Overcome with hunger and unable to feed the guests staying at his inn, the local innkeeper was intrigued with the idea of making soup from stones. With help from the soldiers, he pulled a large iron cauldron from the kitchen of his inn and placed it in the center of the village square. The three soldiers filled it with water, and built a roaring fire under it.
Then, with great ceremony, the three soldiers took the three stones they had collected on their travels and placed them into the water one at a time. They waited for their stone soup to come to a boil, stirring occasionally with a large wooden spoon.
"Do you know what would really help this soup?" asked one of the soldiers. "A hefty dash of salt and pepper! You can't have a good stone soup without salt and pepper, after all."
Timidly, one of the villagers said, "Well, I think might be able to find some salt and pepper that have you might have, if I can share in your stone soup!"
The soldiers quickly nodded and assured the villager that there would be plenty of stone soup to go around, with such a large cauldron of soup on the boil.
By now, hearing the rumor of food, most of the villagers had come to the square or were watching the events of the village square attentively from their windows. As the soldiers fastidiously stirred and sniffed at the "broth," they licked their lips in anticipation. The hunger of the villagers began to abate their initial skepticism.
"Ah," one of the soldiers said rather loudly, "I do like a tasty stone soup. Of course, stone soup with cabbage is hard to beat."
"Oh, yes," added another soldier, "Cabbage really adds flavor to stone soup."
After a few moments, a villager approached hesitantly, holding a cabbage he'd retrieved from its hiding place, and added it to the pot.
Another villager came up and inspected the pot and said, "You know, I have some carrots. That would really add flavor and color to this soup, too!" He ran off to his home to fetch the colorful vegetable.
"Yes, yes, this will be a fine soup," said the third soldier; "but a pinch of some parsley would really make it a soup fit for a king!"
Up jumped a villager, crying, "What luck! I've just remembered where some has been left!" And off she ran, returning with an apron full of parsley and with a turnip, too.
As the kettle boiled on, the memory of the village improved. In short time, barley, salted beef and rich cream had found their way into the great pot. A gr











If your Yahoo! ID is based in Singapore, Germany, Hong Kong or Korea you will only be able to view safe content based on your local Terms of Service so won’t be able to turn SafeSearch off.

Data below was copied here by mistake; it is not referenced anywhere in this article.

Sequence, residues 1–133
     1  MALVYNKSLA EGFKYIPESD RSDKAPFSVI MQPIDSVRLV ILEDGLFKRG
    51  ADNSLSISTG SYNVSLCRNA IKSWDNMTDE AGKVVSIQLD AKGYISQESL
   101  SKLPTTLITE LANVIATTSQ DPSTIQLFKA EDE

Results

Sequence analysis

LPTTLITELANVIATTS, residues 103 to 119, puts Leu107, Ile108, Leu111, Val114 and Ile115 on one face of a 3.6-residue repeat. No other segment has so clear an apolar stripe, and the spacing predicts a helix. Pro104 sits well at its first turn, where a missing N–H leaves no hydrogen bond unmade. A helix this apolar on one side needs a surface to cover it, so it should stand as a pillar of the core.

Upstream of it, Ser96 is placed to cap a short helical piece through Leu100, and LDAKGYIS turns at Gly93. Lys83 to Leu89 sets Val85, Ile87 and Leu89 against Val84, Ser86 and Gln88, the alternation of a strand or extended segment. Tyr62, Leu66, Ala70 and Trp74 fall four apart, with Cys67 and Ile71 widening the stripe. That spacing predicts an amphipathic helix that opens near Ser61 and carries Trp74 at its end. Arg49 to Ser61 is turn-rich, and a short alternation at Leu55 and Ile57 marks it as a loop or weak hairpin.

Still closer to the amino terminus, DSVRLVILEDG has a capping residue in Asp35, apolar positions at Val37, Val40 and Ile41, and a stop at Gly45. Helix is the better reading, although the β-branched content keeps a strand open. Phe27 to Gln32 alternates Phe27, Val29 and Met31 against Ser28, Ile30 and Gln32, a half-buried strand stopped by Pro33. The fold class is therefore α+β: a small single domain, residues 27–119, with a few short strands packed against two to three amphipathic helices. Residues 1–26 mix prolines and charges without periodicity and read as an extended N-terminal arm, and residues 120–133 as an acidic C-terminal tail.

If your Yahoo! ID is based in Singapore, Germany, Hong Kong or Korea you will only be able to view safe content based on your local Terms of Service so won’t be able to turn SafeSearch off.





If your Yahoo! ID is based in Singapore, Germany, Hong Kong or Korea you will only be able to view safe content based on your local Terms of Service so won’t be able to turn SafeSearch off.

In other words that means, that Chinese, German and Korean users can not access photos on flickr that are not flagged 'safe' ... only flowers and landscapes for the them ...

We will not let this happen! Copy and upload this picture to your account - show flickr who we are!









flowers your local








flowers your local




Historic Print (M): The more women at work the sooner we win! Women are needed also as [...] See your local






This is a museum quality, reproduction print on premium paper with archival/UV resistant inks.
Date: [Washington, D.C.] : U.S. Government Printing Office, 1943.
Subject: World War, 1939-1945--Economic & industrial aspects--United States. World War, 1939-1945--Women--United States. Women--Employment--United States--1940-1950. War work--United States--1940-1950.
Notes: Based on a photograph by Alfred T. Palmer. Promotional goal: U.S. F34.J71. 1943. OWI Poster No. 52. Published in: American women : a Library of Congress guide for the study of women's history and culture in the United States / edited by Sheridan Harvey ... [et al.]. Washington : Library of Congress, 2001, p. 203. Exhibited: Art and Propaganda, Deutsches Historiches Museum, Berlin, Germany, 2007.
Format: War posters 1940-1950.Halftone photomechanical prints Color 1940-1950.
SOURCE: Library of Congress